A new study led by King’s College London (KCL) has found that seeing or hearing birds could lead to improvements in mental wellbeing which could last up to eight hours. Such an improvement was also noticeable in people suffering from depression – the most common mental illness worldwide – suggesting that exposure to birdsong could have a potential role in helping those with mental health issues.
The scientists used the smartphone application Urban Mind to collect people’s real-time reports of their mental wellbeing, together with their reports of seeing or hearing birds. The study was conducted between April 2018 and October 2021, with 1,292 participants from a variety of countries (with the majority based in the United Kingdom, the European Union, and the United States though) completing 26,856 assessments using the Urban Mind app. The participants had to report through this app three times per day whether they could see or hear birds, followed by inquiries regarding their mental wellbeing.
“There is growing evidence on the mental health benefits of being around nature and we intuitively think that the presence of birdsong and birds would help lift our mood. However, there is little research that has actually investigated the impact of birds on mental health in real-time and in a real environment,” said study lead author Ryan Hammoud, a research assistant in Psychiatry, Psychology, and Neuroscience at KCL.
“By using the Urban Mind app we have for the first time showed the direct link between seeing or hearing birds and positive mood. We hope this evidence can demonstrate the importance of protecting and providing environments to encourage birds, not only for biodiversity but for our mental health.”
The researchers also collected information on existing diagnoses of mental illness and discovered that hearing or seeing birdlife was associated with improvements in mental wellbeing in both healthy participants and those diagnosed with depression. According to the scientists, these links between birds and mental wellbeing could not be explained by other co-occurring environmental factors, such as the presence of plants, trees, or waterways.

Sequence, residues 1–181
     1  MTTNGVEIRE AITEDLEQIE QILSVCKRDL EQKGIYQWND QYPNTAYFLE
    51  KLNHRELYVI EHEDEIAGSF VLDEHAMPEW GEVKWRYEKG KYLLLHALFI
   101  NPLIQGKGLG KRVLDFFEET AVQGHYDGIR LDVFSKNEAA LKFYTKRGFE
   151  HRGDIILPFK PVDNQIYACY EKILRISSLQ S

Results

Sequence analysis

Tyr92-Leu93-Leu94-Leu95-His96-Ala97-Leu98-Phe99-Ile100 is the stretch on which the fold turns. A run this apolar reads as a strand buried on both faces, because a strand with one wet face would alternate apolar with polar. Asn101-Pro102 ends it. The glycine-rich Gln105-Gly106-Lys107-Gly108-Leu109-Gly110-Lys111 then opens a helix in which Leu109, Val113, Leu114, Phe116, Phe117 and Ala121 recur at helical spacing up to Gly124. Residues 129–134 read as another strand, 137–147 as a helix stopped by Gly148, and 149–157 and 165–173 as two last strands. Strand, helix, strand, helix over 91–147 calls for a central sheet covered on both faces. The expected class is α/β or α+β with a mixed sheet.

“The term ecosystem services is often used to describe the benefits of certain aspects of the natural environment on our physical and mental health,” explained study senior author Andrea Mechelli, a professor of Early Intervention in Mental Health at KCL. “However, it can be difficult to prove these benefits scientifically. Our study provides an evidence base for creating and supporting biodiverse spaces that harbor birdlife, since this is strongly linked with our mental health. In addition, the findings support the implementation of measures to increase opportunities for people to come across birdlife, particularly for those living with mental health conditions such as depression,” he concluded.
The study is published in the journal Nature Scientific Reports.
Check us out on EarthSnap, a free app brought to you by Eric Ralls and Earth.com.
By Andrei Ionescu, Earth.com Staff Writer